Dzö-Nga – Thunder In The Mountains

After the successful Avantgarde Music debut with their sophomore album The Sachem’s Tales (2017) and the subsequent repress of the debut Five Treasures Of Snow (2016), Dzö-Nga is now back from the native lands with a new full-length studio album.

Thunder In The Mountains has been in the making for almost three long years, a time during which mastermind and multi-instrumentalist Cryvas focused on songcrafting and adapting literature into music. When asked to disclose some relevant details about Dzö-Nga new opus, Cryvas explained: “Thunder In the Mountains is based on on H. W. Longfellow’s epic poem The Song of Hiawatha, a landmark literary work which collected much of the folklore of the Ojibwe peoples. We sincerely hope that our music helps to illustrate these classic stories with respect and admiration, and perhaps brings them to new audiences who may follow them back to their sources. Thunder In the Mountains serves as a tribute to legends of the past and an authentic document of us in Dzö-nga as we strive to create something of our own that will stand the test of time.”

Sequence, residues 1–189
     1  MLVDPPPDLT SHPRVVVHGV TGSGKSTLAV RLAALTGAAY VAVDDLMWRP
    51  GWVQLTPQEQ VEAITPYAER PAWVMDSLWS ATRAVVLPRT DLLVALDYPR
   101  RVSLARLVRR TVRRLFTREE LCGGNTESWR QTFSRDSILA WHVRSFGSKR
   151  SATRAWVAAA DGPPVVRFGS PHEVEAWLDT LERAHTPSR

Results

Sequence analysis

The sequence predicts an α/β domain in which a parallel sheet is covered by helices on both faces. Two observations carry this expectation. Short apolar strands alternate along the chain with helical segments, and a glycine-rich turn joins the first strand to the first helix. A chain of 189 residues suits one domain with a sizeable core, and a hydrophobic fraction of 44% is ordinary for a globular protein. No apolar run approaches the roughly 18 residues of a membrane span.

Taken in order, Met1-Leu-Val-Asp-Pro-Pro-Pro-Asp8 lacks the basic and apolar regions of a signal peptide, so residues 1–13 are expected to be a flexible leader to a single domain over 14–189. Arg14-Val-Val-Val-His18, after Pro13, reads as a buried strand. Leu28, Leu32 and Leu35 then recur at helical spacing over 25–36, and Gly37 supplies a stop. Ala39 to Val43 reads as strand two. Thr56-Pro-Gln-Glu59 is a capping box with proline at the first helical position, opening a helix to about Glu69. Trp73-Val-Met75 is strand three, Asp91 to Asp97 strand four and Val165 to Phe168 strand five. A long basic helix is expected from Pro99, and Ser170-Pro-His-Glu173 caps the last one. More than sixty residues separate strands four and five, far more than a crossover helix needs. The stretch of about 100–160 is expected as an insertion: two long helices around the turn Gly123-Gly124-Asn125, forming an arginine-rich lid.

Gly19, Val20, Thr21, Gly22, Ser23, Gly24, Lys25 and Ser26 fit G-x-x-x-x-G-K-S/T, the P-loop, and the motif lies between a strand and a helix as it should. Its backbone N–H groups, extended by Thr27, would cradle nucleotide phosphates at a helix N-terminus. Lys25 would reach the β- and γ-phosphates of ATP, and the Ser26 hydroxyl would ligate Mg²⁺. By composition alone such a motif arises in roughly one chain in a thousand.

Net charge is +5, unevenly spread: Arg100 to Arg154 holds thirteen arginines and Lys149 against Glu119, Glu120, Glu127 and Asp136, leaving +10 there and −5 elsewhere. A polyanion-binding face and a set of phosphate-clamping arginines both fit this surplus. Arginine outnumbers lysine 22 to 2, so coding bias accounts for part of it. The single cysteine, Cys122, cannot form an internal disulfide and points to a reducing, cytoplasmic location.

And indeed it does: Dzö-nga new album is a huge step forward from The Sachem’s Tales under every aspect, be it musically, conceptually and in terms of production. Now a three piece with the adding of bassist Ray King, the Boston-based band crafted haunting, fascinating melodies where keyboards and female voices enrich the black metal pillars upon which the whole music is built. The result is a melodic, thoughtful blend of melodic black metal and folk hints, in the vein of other past Avantgarde Music bands such as Saor and Sojourner but with a unique native-american focus and a very personal approach.

Thunder In the Mountains was recorded in an 18th century farm in the forest of Connecticut, then mixed by Øystein G. Brun at Crosound Studioand mastered by Dan Swanö at Unisound. The album also features session guitars by Þórir Nyss of Nyss and both a front and back cover art, the former by Cory Nesci and the latter by Frank Victoria (author of The Sachem’s Tales cover art). Last but not least, Raphael Weinroth-Browne of Leprous and Musk Ox is featured on cello in “Starlight, Moonlight, Firelight”.